Orientation workshops have been organized by the Avehi-Abacus Project in collaboration with the ABE to familiarize teachers with Saath Saath which will be used in about 130 schools this academic year. Vital in these orientation workshops is the sensitisation of teachers who will be carrying this material to their classrooms. They are the prime agents in this change of mindset. The team aims to draw attention to the ways in which they have imbibed their own values, give them the confidence to deal with such delicate issues in their classrooms, motivate them to use the kit effectively and help by suggesting strategies to those who continue to be hesitant. Bishop Dominic Savio Fernandes and Fr George Athaide played a key role in giving the green signal to this project and the first Orientation workshops for the trainers have already begun this week in Thane, Mahim and Bandra.
Channeling Women Power! In our effort at breaking gender stereotypes, Women Cell members in different parishes approach schools with two programs Real Woman of Substance & High on Life. Designed for young girls and boys in Classes 8 & 9, they attempt to change deeply entrenched patriarchal attitudes. In the process our women feel a sense of satisfaction as they better their own communication skills, interacting with principals, teachers and students. What’s more, a student in each class is awarded a much appreciated Values For Life Certificate on Violence-free Families Day (in November).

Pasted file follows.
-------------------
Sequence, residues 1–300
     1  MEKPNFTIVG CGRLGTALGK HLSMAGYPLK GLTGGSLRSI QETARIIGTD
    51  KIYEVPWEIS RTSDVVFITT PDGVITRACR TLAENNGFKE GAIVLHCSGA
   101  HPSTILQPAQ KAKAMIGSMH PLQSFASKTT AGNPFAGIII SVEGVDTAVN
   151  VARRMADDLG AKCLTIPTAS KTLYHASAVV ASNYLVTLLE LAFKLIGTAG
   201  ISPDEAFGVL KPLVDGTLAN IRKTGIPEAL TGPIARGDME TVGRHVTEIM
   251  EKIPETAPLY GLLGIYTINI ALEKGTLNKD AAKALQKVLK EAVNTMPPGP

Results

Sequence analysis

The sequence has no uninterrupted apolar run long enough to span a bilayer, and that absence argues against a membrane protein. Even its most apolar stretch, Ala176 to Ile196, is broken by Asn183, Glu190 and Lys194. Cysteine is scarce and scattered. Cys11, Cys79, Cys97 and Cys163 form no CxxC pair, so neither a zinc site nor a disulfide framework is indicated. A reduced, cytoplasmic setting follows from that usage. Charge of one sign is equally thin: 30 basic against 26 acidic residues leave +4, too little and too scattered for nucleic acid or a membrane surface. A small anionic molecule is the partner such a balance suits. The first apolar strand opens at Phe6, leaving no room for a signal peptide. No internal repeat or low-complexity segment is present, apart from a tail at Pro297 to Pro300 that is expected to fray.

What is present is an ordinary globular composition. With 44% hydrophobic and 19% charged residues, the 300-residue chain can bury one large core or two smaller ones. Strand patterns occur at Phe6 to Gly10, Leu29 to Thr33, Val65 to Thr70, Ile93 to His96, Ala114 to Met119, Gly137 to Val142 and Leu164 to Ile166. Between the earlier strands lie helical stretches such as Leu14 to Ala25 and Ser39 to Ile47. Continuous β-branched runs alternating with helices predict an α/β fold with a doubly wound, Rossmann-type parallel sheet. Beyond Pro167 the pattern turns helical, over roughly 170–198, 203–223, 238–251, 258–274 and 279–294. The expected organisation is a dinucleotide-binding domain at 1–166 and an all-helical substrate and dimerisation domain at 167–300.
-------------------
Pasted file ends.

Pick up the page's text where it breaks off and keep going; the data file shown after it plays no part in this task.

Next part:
The Archdiocesan Women’s Commission makes an on-going effort to encourage women to discover their own self-worth - not blindly copying men but tapping their unique feminine strength. Our annual Women’s Leadership Training Program in collaboration with the Sophia Centre for Women’s Studies is currently on at Kurla. Over 6 weekends, 42 women this year have been given a chance to acquire basic Counselling skills, fundamentals of Women’s Law, Stress Management, Public Speaking techniques, insights into Women’s Studies, the Gender Policy of the church, Women’s Empowerment and Leadership and Jesus’ Vision for Women. Besides giving women exposure to prestigious Sophia College Lecturers and Certification, it’s a chance to bond together woman to woman and draw strength from each other.